26th Sunday: The Responsible Catholic

 

            “Woe to the complacent in Zion, who enjoy a luxurious life but do nothing about the collapse of Joseph.”  What is the prophet Amos speaking about in today’s first reading?  What does he mean by the complacent in Zion? The word complacent is defined as smug and uncritically satisfied with oneself or one’s achievements.  The complacent in Zion enjoyed their lives and were only concerned with themselves.  They were like the rich man of the parable in today’s Gospel.  He enjoyed his life,  but he was completely detached from the needs of anyone else.  He saw the poor beggar, Lazarus, at his door, but he did not even consider the man’s plight. He did not  recognize the responsibility he had towards anyone.....else.

 

            Amos accuses the complacent in Zion of doing nothing about the collapse of Joseph.  The Joseph he is referring to here is not Joseph, Jesus’s foster father.  That Joseph would not be born for another 700 years.  Nor is the Joseph referring directly to Jacob’s son Joseph who was sold into slavery by his brothers.  No, Joseph here refers to that group of the Hebrew people who trace their lineage through the Patriarch Joseph. By the time of Amos the Northern Kingdom was often referred to as Israel, Ephraim or Joseph.  The complacent in Zion are all the Hebrews who do not care what is happening to their fellow Hebrews as a nation or as individuals.  They are like the people who saw what Mussolini and the fascists were doing in Italy and what Hitler and the Nazis were doing in Germany, and did not care what their countrymen were suffering nor the direction their country was going as long as they could keep their luxuries.  They are us when we are not concerned about our national disgraces of abortion, and legalized sexual promiscuity, as well as when we are indifferent to attacks against the poorest people in the country, the plight of the homeless, the concerns of the mentally and physically challenged, etc.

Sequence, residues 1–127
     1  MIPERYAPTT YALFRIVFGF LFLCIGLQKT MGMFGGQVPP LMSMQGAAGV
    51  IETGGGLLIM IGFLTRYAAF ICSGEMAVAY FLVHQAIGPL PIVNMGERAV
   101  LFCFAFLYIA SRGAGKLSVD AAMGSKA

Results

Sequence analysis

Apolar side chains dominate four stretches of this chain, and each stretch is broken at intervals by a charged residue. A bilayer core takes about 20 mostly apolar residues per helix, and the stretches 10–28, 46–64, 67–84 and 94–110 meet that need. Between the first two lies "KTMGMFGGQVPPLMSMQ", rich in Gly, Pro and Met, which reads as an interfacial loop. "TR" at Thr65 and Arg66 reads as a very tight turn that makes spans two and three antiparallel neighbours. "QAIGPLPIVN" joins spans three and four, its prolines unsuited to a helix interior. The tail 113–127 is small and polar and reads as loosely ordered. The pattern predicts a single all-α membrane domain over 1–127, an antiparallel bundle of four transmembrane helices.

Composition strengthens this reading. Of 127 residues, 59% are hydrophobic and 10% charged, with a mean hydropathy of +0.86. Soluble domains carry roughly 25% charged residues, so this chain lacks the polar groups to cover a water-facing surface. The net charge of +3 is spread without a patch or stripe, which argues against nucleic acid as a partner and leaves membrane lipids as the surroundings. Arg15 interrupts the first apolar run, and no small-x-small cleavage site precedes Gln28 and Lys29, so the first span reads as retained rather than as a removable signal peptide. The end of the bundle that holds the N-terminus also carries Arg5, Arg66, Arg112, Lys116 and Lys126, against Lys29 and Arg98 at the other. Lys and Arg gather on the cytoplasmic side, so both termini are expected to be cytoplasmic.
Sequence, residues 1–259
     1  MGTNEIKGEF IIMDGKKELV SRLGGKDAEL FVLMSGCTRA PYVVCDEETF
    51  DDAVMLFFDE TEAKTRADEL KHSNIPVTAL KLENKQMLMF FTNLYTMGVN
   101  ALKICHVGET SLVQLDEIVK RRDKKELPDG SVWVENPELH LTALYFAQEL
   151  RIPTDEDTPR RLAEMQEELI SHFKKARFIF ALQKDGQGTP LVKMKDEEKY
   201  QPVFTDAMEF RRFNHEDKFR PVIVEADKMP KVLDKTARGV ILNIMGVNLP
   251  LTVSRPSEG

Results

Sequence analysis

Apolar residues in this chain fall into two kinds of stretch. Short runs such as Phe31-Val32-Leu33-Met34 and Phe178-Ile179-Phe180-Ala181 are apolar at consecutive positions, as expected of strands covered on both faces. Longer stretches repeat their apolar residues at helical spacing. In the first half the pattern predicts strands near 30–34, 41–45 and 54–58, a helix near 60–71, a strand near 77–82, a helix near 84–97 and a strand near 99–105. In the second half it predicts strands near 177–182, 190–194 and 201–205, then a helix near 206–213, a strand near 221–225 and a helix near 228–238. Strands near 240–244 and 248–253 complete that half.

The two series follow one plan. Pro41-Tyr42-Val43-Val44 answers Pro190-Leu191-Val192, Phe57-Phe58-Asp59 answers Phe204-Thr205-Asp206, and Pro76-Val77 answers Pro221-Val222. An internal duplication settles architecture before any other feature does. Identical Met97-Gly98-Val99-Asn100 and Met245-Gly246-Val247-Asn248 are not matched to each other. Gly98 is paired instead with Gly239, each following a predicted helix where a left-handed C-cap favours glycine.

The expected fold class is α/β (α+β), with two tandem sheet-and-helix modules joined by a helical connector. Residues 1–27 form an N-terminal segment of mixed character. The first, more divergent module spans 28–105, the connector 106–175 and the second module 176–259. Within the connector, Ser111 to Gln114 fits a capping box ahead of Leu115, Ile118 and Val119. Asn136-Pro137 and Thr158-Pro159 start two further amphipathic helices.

That being said, I want to assure you that I have not experienced this type of complacency in my years as pastor here at St. Ignatius. Most of the members of our parish are not complacent.  Most Catholics are not complacent. They don’t say, “I have everything I want; other’s needs are not even in my realm of thought,” like the rich man in the parable who didn’t even notice Lazarus’ begging at his door.  Instead they have embraced your responsibility to others as part of whom you are, followers of Jesus Christ.

 

            And this is an important reflection for us.  We don’t help others only because this is a good thing to do.  We don’t help others because we have plenty of extras in our lives. Some of the most generous people in our parish can be described as lower middle class.  They have to forego things their family would like so that others may have the items they need.  So, our generosity is not to get rid of our excess, our surplus. We help others because we are Christians.  We do what the Lord is calling us to do when He said, “Follow me.”  We are not merely humanitarians, respecting others dignity as human beings.  That is wonderful, but we are more than humanitarians.  We reach out to all because all are made in the image and likeness of God.  We reach out to those hurting the most because Jesus associates with them. “Whatever you do to the least of my brethren you do unto me,” we hear in Matthew 25: 31-46.